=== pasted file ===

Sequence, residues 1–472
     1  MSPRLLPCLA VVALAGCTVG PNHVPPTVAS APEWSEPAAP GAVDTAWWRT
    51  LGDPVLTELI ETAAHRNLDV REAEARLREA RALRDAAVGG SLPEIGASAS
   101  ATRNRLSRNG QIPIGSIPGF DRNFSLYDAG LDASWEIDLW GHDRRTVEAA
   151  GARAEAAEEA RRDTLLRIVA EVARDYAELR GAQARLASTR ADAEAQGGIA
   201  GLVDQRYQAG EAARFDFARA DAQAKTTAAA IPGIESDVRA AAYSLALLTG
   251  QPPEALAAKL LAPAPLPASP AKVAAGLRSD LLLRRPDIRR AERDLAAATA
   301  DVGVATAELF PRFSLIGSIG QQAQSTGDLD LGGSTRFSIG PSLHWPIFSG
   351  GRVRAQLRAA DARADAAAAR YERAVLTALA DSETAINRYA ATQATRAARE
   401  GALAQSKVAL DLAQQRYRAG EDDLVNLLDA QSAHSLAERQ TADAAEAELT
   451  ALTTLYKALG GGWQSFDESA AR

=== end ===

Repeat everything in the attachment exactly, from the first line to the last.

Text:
Sequence, residues 1–472
     1  MSPRLLPCLA VVALAGCTVG PNHVPPTVAS APEWSEPAAP GAVDTAWWRT
    51  LGDPVLTELI ETAAHRNLDV REAEARLREA RALRDAAVGG SLPEIGASAS
   101  ATRNRLSRNG QIPIGSIPGF DRNFSLYDAG LDASWEIDLW GHDRRTVEAA
   151  GARAEAAEEA RRDTLLRIVA EVARDYAELR GAQARLASTR ADAEAQGGIA
   201  GLVDQRYQAG EAARFDFARA DAQAKTTAAA IPGIESDVRA AAYSLALLTG
   251  QPPEALAAKL LAPAPLPASP AKVAAGLRSD LLLRRPDIRR AERDLAAATA
   301  DVGVATAELF PRFSLIGSIG QQAQSTGDLD LGGSTRFSIG PSLHWPIFSG
   351  GRVRAQLRAA DARADAAAAR YERAVLTALA DSETAINRYA ATQATRAARE
   401  GALAQSKVAL DLAQQRYRAG EDDLVNLLDA QSAHSLAERQ TADAAEAELT
   451  ALTTLYKALG GGWQSFDESA AR